It began as an attempt at adventure. I met and instantly connected with another American on the second day of an independent trip around Ireland. She’d just landed what was a serious win in the broke-student-traveler-community: a job waiting tables in one of Ireland’s most scenic and secluded tourist destinations. The pay would be in cash and meals and housing were included. They needed more help and it took all of two hours for her to convince me to join her.
I had some firm commitments for the next few weeks, but after that there was a job secured and a bed waiting for me in a former youth hostel dedicated to housing crazy travelers like us who happily dropped everything for a chance at menial labor in a foreign country. Funny the glamor an exotic locale drapes over a situation I would never consider at home. I felt incredibly brave. I had just graduated from university and seemed like a giant step towards true independence. I was a free spirit. What adventures awaited a soon-to-be-waitress on a magical island? Yeah. That lasted.
I traveled and volunteered, all the time anticipating my daring plans, and became enthralled by my second-hand copy of “Down and Out in Paris and London” by George Orwell. His trials as an expat casual kitchen laborer and depictions of his home in various Parisian slums were fascinating, touching, and at times hysterical. I had served my time as a waitress in high school and college, and I nodded along with his descriptions of pretentious waiters and raving chefs. Life surely would not be like that for me on my upcoming adventure. The Irish were friendly and relaxed after all, so surely waiting tables would be a breeze of pleasantries. How could anything possibly go wrong in the quaint mountain village that would be my home throughout the tourist season? I envisioned myself taking long post-lunch service walks through the heather-covered hills, or having chatting late into the night with story-spinning locals while traditional music played in the background. Poor Orwell and his days working in appalling conditions and nights spent in rat-infested rooms filled with the sounds of consumptive coughs. Not for me, but thanks for sharing the stories.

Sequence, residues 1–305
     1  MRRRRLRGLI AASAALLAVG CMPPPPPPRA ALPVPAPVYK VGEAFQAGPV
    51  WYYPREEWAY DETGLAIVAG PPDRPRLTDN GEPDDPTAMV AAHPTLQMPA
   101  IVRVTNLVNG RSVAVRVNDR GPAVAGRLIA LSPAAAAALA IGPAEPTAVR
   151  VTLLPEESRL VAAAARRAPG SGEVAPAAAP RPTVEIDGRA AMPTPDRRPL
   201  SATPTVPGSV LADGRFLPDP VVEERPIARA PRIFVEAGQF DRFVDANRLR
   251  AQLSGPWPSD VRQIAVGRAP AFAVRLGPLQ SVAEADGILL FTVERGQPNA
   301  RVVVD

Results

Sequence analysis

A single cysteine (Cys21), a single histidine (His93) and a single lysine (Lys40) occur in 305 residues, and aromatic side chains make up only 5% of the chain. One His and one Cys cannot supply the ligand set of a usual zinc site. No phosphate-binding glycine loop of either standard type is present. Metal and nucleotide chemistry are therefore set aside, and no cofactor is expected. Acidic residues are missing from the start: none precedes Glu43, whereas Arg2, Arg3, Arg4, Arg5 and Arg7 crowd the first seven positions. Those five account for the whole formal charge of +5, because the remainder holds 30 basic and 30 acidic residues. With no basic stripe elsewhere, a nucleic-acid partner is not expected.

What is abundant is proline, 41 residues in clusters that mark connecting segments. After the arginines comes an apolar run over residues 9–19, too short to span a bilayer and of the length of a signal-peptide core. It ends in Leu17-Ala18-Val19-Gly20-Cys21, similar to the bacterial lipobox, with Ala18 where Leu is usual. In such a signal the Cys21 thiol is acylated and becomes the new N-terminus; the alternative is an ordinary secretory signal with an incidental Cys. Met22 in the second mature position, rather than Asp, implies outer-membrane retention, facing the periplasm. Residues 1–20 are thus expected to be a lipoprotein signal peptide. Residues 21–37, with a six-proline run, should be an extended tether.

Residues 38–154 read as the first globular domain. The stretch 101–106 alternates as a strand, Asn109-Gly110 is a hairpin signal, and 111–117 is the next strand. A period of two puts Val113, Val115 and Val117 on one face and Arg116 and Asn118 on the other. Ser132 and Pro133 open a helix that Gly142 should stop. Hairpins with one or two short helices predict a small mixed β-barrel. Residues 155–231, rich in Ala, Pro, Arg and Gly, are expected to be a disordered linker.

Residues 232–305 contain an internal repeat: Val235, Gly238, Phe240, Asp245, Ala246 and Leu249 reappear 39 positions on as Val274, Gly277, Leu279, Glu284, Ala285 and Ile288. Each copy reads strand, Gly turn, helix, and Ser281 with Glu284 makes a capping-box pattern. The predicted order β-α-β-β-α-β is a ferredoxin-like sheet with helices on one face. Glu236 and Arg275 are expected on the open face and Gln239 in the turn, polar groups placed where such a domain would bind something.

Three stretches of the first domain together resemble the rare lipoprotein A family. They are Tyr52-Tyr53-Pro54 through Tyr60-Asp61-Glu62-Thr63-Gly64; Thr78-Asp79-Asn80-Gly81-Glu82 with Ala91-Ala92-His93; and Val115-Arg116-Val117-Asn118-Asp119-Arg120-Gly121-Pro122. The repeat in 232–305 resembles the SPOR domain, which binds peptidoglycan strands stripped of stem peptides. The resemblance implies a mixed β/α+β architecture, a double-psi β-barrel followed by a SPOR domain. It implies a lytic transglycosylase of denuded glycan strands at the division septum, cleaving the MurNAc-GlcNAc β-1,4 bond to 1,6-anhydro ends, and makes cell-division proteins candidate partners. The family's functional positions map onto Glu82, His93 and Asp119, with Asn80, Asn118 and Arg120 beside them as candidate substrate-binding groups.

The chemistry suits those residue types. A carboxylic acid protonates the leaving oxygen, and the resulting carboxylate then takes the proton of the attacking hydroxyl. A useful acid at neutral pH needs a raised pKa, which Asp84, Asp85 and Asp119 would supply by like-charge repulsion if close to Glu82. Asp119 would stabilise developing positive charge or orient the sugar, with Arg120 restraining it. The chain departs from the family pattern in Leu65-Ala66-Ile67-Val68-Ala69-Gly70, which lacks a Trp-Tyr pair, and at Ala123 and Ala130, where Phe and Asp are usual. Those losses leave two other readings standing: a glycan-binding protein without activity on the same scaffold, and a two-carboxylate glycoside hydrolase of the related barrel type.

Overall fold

One week after my job began, my friend left suddenly due to events back home. I was sad to lose my kindred spirit, but traveling friendships are like that. Mysteriously, when she left, the job and its surroundings began to go pear-shaped. The formerly quiet hamlet of two-hundred odd locals turned from friendly and charming to surly and sinister.
The two brothers who owned the restaurant and hostel remained kind and friendly, but they doled out the pay, not my food and camaraderie Almost overnight, my attempts to acquire the promised meals were met with expressions of shock and confusion along with a bill to be subtracted from my salary. The town’s only other buildings consisted of houses, a post office, and two other two pubs also frequented by my unfriendly neighbors and colleagues. The weather quickly became colder and wetter, and when I wasn’t working I turned to my bed and books for solace and comfort.
I resorted to sneaking into the local shop and shamefully buying anything I could prepare surreptitiously in the hostel kitchen. I slurped Ramen noodles and toasted bread while reading about Orwell’s true hunger after days of food being a luxury he couldn’t afford. He became my partner in misery. His vivid descriptions of the eccentric characters he lived and worked with led me to view my own environment through the eyes of an unseen onlooker. Rather than focusing on my constant frustration and paranoia, I began to imagine those around me as Orwell might. How would he describe the Russian dishwasher with slow and limited English but swift and roaming hands? Surely he too would inwardly mock the shift-long tirades belted out by our chef, a burly blonde woman who could give Gordan Ramsey a run for his money in the drama department. How would my crew of revolving roommates compare with those he shared guesthouses, homeless shelters, and the later the streets with?